Reflections of Hiking the AT 30 Years Later

hiking the Appalachian Trail with backpack

April 23, 2024

Last fall, I celebrated my 30th anniversary of hiking the entire Appalachian Trail from Georgia to Maine, all 2088 miles of it.  I first heard of the trail in 1988 when I was in college at Boston University.  I think I saw a poster of the trail map at a local outdoor shop and was just amazed that there could be a hiking trail that was that long, spanning 14 states.  I bought the poster, hung it in my dorm room, and added it to my fledgling bucket list. 

When I graduated a few years later I got commissioned in the Army and moved to Fort Benning Georgia to complete the Infantry Offices Basic Course.  I was given a choice of dates, I chose the one that ended in early April, when most people start hiking the trail.  As a reserve officer, my active duty ended after IOBC so I was free to hike afterward.  Luckily for me, Fort Benning was only a few hours away from the southern terminus of the AT, Springer Mountain, GA.

The plan was to hike and finish the trail in four months, then start a corporate job in Boston.  To do the whole trail in 120 days I would need to hike about 19 miles a day with 7 days off to rest.  Coming out of IOBC where every other day you are either road-marching with a 100 lbs rucksack or performing field training exercises, 19 miles seemed manageable…or so I told myself.

My IOBC classmate, Shannon Suggs, drove me and classmate Mike DeAntonio the 200 miles from Fort Benning to Amicalola Falls Start Park, Georgia.  At the visitors center we weighed our packs: mine tipped the scales at a ridiculous 86lbs!  As a young, dumb 24-year-old, inexperienced at thru-hiking, I had no idea that what I was carrying was a VERY heavy load. 

Later that day at the summit of Springer Mountain, the official starting point of the AT, a couple hiking with their dogs shared with me that their packs weighed 35 lbs & 30 lbs, and the dogs each 5 lbs.  When I told them my pack weighed more than all 4 of theirs put together they laughed and thought I was crazy. Needless to say, I started to wonder if my extra pair of boots and 20 lbs of canned food were necessary and 3 days later at Neel’s Gap I shipped 10 lbs of gear home and left 15 lbs of food at the hiker's hostel.  With a few dips during unsupported sections of the trail, my pack weighed about 65 lbs from there on out.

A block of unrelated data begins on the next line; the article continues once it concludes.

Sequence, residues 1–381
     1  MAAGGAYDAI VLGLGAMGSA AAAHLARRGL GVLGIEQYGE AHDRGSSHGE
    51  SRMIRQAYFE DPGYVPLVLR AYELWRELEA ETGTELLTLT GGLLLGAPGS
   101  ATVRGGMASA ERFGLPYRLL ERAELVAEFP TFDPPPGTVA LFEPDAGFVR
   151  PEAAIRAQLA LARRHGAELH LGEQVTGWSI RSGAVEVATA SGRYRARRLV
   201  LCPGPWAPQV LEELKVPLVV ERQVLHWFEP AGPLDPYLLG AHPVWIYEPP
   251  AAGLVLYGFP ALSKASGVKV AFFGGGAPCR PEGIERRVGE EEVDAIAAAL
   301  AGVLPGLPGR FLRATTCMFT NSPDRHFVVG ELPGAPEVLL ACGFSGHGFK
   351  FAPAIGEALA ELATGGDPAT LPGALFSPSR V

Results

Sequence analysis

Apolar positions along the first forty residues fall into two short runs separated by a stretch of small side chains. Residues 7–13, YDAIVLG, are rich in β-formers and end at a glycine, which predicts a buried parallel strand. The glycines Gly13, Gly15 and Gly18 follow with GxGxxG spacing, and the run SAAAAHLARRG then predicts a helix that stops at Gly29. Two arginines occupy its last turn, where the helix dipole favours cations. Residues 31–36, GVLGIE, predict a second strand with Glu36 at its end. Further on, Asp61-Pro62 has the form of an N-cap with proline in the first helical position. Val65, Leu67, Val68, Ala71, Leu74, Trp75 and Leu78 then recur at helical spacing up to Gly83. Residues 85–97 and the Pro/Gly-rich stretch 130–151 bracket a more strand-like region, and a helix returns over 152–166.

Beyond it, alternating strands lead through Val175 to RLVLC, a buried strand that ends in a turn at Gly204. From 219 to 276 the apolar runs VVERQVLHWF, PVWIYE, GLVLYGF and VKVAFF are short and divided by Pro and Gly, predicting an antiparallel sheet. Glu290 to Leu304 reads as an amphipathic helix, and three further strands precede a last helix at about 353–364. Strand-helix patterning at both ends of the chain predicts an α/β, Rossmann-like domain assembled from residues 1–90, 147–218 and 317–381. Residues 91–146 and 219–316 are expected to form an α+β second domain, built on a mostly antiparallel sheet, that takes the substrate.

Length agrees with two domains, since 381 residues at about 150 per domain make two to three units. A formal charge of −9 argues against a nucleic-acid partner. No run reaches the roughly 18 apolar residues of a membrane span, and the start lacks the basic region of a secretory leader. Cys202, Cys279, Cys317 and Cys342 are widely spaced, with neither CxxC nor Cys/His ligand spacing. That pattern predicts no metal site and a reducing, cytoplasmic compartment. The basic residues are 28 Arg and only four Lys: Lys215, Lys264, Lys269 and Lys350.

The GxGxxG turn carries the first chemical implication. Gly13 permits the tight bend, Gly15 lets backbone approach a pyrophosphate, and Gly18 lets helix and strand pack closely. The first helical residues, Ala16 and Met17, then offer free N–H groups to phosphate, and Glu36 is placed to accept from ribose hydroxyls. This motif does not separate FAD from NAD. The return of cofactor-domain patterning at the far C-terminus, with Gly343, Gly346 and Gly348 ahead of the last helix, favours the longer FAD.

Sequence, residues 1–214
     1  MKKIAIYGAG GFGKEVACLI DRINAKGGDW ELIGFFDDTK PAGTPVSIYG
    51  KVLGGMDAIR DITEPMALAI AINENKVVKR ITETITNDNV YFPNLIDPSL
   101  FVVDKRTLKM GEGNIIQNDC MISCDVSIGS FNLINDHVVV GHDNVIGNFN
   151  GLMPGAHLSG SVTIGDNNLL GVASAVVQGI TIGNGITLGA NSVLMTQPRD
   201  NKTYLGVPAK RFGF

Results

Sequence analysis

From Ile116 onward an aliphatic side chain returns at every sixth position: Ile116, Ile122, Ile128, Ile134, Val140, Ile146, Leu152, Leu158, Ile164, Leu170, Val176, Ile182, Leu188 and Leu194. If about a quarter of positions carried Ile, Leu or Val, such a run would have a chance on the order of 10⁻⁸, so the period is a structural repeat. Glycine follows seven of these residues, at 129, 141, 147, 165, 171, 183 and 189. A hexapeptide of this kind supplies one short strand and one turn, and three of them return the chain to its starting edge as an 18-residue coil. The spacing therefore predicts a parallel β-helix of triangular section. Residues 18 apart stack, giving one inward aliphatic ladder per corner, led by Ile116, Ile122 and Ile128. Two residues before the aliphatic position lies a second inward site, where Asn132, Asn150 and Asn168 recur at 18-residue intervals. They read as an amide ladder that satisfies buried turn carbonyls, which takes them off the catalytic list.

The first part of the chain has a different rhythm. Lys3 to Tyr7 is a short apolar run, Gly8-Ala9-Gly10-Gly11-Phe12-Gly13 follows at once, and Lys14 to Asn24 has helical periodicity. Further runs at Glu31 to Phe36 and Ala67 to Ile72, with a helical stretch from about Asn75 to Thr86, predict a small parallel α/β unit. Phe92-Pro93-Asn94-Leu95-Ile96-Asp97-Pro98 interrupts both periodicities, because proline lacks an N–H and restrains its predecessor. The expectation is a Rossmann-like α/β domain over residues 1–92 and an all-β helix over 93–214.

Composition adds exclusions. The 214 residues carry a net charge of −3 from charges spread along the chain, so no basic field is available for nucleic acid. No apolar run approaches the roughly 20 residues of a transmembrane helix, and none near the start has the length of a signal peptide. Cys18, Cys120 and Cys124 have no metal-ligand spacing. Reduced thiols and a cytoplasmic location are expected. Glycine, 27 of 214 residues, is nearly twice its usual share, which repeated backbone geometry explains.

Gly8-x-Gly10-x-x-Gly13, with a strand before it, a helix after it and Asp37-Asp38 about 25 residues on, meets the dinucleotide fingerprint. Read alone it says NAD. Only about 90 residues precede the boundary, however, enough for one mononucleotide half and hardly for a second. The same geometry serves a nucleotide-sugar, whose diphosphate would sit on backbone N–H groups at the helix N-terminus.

On the AT, most hikers take, get, or are given a trail name.  It usually has something to do with why you are hiking, who you are, who you are choosing to be, or what’s important to you.  Mine centered on the latter: Chow Hound was born!

I started the trail thinking that this experience would be a wilderness adventure, just me and Mother Nature.  It ended up being a very socially gratifying experience. I met fellow 20-somethings just out of college, high school dropouts, retired firefighters, divorcees, school teachers with the summer off, business executives, Israelis just out of their military service, and US Vets.  Even as a motley crew, we formed an amorphous sort of family unit, spending hours together talking about life while setting up camp, cooking, and doing chores.  The experience of telling and listening, letting the B.S. that defined our lives pre-trail wash away, letting egos down and learning about each other was pretty magical. 

Two months into the hike my father came down to Virginia and hiked with me for two weeks.  He was given the trail name “Papa Chow” and loved it!  We hiked the Blue Ridge and ran across the spot where Audie Murphy, the most decorated American Soldier, had died in a plane crash.  Eating lunch with my dad, now passed, at the big granite monument in the middle of the woods, soaking up the sun and the views is one of my favorite memories.

It took 188 days, of which I took 42 as “Zero miles”- a day off.  My toes were numb for about 3 months after and they shed skin like a snake!  Coming off the quiet made it hard to be in loud and crowded areas for a while. I realized then and now that my body, mind, and spirit had wanted to be worked and pushed. Even a year later, I longed to be back out there.  It was a powerful chapter in my life. To say the least, I made lifelong friendships and saw some amazing and beautiful places. 

If you get the chance to do a Thru-Hike, do it!  Hopefully, it will great time and leave a lasting impression like it did for me. 

Chow Hound